of the soil. Later studies of the seasonal occurrence of TPW in Cali¬
fornia showed that larval populations increased abruptly in September
and October (Oatman et al. 1979) and in April-June (Oatman 1970) .
Batiste et al. (1970b) reported that there is no evidence for diapause in
this insect. Destruction of the tomato plants shortly after harvest may
prevent the insect from surviving the winter and infesting the crop
during the following season. Poe (1974a) reported that on the west coast
of Florida, severely infested fields occurred in the spring crop (February-
May) with less damage on plants during the autumn. Early infestations in
greenhouses also lead to heavy losses in the field.
Host Plants of Keiferia lycopersicella
Elmore and Howland (1943) reported that tomato and potato are pre¬
ferred hosts of TPW. Several solanaceous plants, e.g. eggplant iSolanum
melongena (L)] and nightshade (Solanum nigrum L.), also are known hosts
for the TPW (Batiste et al. 1970b, Elmore and Howland 1943, Swank 1937,
Thomas 1933). Batiste and Olson (1973) demonstrated that K. lycopersicella
preferred tomato for oviposition over 12 other solanaceous plant species.
TPW could be reared on Solanum melongena L., S_. dulcamara L., S_. nigrum, and
S_. elaegnifolium Cav. but not on S_. nodiflorum Jacq., S_. douglasi Dunal,
Datura me telo ides A. , D_. stramonium L., D_. ferox L., Nicotiana biglovii
(Torr.) and N. glauca Grah. The same author suggests that in California,
Solanum melongena, S. dulcamara and S_. elaegnifolium may play a role in
the population dynamics and distribution of TPW.

9
Life Cycle of Keiferia lycopersicella
Accounts of the life history and behavior of K. lycopersicella have
been reported by Elmore and Howland (1943) , Swank (1937) , and Poe (1973).
Poe (1973) found that eggs are laid singly or in groups of two or
three on the host plant foliage. Elmore and Howland (1943) described the
egg as ellipsoid, 0.37 by 0.23 mm, light yellow when first deposited, grad¬
ually darkening to a light orange before hatching. Eggs hatch 4-9 days
after deposition (Swank 1937) at 20.68°C and after 4-4.5 days at 27-29°C
(Elmore and Howland 1943) . Weinberg and Lange (1980) determined that
eggs hatch in a range of 3.5 +_ 0 days at 35°C and 7.8 +_ 0.2 days at
20°C.
Keiferia lycopersicella has four larval instars (Elmore and Howland
1943, Swank 1937). Head capsule width of the larval instars are 1st in¬
star 0.14-0.157 mm; 2nd instar 0.23-0.28 mm; 3rd instar 0.36-> 5 39 mm;
4th instar 0.52-0.61 mm (Elmore and Howland 1943). Newly hatched larvae
averaged 0.85 mm in length. The head capsule is dark brown and the re¬
mainder of the body is a yellowish gray common to many newly hatched
lepidopterous larvae. The mature larvae are 5.8-7.9 mm in length and
characterized by an ash gray color with dark purple spots (Elmore and
Howland 1943). Larvae of K. lycopersicella characteristically possess
a pale prothoracic shield with conspicuous dark fuscous shading along
lateral and posterior margins (Capps 1946) . Duration of the leaf mining
(lst-2nd instars) stage ranges between 4.7-5.8 days. The leaf folding
stage lasts between 5.6-16 days for a range of temperatures of 13-29°C
(Elmore and Howland 1943). Weinberg and Lange (1980) found that egg
hatching to pupation times range from 8 +_ 0.9 to 18 +_ 1.6 days when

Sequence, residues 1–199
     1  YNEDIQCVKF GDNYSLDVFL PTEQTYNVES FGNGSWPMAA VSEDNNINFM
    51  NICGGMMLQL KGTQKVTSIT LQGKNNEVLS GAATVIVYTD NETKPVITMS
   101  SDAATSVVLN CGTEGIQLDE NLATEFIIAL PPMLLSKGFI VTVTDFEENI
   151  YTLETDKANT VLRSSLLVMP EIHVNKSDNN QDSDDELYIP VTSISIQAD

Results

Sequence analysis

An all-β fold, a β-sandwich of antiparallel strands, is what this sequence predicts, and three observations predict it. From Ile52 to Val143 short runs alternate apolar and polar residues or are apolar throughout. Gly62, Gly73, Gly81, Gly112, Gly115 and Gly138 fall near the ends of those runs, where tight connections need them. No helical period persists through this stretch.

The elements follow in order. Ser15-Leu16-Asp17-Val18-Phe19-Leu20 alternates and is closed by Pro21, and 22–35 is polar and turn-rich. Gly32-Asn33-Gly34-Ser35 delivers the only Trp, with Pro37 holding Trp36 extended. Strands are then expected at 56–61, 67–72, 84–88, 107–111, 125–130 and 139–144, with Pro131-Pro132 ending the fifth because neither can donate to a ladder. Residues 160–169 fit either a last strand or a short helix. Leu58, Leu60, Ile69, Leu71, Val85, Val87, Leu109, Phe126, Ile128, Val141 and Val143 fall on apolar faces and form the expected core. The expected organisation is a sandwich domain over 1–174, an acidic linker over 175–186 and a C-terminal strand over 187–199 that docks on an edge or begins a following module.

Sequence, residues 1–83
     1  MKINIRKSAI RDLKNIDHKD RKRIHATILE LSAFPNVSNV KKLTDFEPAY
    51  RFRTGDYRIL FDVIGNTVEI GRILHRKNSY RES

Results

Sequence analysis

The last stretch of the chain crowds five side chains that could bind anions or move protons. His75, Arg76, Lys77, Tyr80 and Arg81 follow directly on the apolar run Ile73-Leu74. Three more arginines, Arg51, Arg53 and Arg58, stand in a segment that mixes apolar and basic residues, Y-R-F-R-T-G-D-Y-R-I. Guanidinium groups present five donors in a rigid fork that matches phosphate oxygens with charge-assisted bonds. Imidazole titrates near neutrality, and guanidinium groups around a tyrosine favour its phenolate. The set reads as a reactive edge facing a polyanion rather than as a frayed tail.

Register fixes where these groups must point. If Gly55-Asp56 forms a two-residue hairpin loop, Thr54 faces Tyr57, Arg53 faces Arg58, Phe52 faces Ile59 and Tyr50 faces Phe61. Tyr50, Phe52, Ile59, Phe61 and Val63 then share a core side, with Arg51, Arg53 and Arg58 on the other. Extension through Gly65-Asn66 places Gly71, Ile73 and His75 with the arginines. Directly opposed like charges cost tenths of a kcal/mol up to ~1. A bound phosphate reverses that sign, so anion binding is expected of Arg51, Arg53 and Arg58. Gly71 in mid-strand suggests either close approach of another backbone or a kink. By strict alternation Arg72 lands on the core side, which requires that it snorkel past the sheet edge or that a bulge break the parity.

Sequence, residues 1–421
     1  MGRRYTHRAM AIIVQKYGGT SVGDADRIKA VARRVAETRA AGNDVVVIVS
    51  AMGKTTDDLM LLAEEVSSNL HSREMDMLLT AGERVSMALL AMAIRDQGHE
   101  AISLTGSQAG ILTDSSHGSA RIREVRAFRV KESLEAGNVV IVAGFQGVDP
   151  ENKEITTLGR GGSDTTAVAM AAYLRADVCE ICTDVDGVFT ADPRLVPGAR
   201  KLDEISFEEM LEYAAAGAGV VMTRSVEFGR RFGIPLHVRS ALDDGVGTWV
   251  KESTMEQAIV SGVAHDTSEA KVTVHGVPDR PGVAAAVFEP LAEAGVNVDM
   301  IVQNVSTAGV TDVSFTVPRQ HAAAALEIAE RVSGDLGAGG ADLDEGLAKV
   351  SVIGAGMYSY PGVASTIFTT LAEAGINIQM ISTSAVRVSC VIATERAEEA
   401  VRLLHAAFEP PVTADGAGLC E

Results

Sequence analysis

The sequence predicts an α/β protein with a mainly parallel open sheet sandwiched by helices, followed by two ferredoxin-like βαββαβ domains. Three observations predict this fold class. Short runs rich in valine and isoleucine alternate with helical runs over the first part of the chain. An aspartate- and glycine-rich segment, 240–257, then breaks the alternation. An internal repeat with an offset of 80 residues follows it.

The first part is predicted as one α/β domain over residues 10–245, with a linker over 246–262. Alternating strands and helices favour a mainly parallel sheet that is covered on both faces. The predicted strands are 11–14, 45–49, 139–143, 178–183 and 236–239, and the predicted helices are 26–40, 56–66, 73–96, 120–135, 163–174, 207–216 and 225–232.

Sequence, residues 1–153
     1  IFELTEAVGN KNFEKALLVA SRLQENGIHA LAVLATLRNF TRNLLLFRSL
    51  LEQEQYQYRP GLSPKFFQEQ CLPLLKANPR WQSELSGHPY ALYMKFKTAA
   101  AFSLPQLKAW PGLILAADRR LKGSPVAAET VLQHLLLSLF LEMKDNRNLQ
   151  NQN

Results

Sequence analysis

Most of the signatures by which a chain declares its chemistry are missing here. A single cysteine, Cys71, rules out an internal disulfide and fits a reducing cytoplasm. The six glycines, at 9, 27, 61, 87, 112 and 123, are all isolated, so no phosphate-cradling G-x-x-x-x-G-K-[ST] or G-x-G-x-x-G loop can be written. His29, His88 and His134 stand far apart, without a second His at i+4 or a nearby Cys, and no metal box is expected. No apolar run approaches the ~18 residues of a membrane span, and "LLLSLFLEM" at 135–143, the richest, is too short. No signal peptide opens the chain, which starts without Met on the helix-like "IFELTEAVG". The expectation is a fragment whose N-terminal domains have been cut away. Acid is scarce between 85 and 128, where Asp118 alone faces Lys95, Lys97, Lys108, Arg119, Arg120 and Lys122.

reared at 35°C.

10
The pupae are initially green, later turning to a brown typical
of lepidopterous pupae commonly found in the soil (Elmore and Howland,
1943). Before pupation the larvae form a loose pupal cell of sand grains
at a depth of 0.25-1.5 inches beneath the soil surface (Poe 1973). Wein¬
berg and Lange (1980) recorded that pupation requires 11.3 _+ 0.5 at 20°C,
and 5.1 +_ 0.2 days at 35°C. The length of the pupal stage was 38.7 and
11.4 days at temperatures of 12.65 and 26.4°C (Elmore and Howland 1943).
Swank (1936) obtained a range of 7-17 days with an average of 11 days
for the pupal stage at 26°C.
Adults are characterized by an alar expanse of 9-12 mm. Labial
palpi have a short forrowed brush on the underside of the second joint,
a terminal joint somewhat thickened with scales, and are compressed
with the extreme tip pointed. The head and thorax are mottled with
dark brown. Forewings are elongate ovate, the hind wings have a
pointed apex, a strong pencil of hair scales, are dilated at tip of costa
in females, and dilated from base of costa in the males; the abdo¬
men is dark fuscous above with basal joints slightly ochreous, the
underside is light ochreous sprinkled with dark fuscous spots. Adult
longevity is 7 days (24 +_ 2°C) when they are fed on water and 8.5 days
at 24° + 2°C when fed a 10% honey solution. At temperatures of 10 and
13°C the respective longevities were 20.5 and 22.8 days (Elmore and
Howland 1943).
Insect Behavior
Elmore and Howland (19431 reported that copulation occurs within 24
to 48 hrs after moth emergence, and McLaughlin et al. (1979) stated that

11
sexual activity such as female calling was greatest during the 1st hr
of darkness. Very little copulation occurred after the 3rd hr. Males
ran or walked in their approach to calling females. Approach was gener-
o
ally from behind or at ca. 90 to the female and was accompanied by rapid
wing fanning. The copulatory strikes of the males were made laterally
beside the females. Moths remained in copula from 30 min to 2 hr.
Elmore and Howland (1943) and Poe (1973) described the behavior of
larval stages of K. lycopersicella. Newly eclosed larvae disperse briefly
from the hatched egg before entering the leaf. First instar larvae
spin a tent of silk over themselves and tunnel into the leaf. Further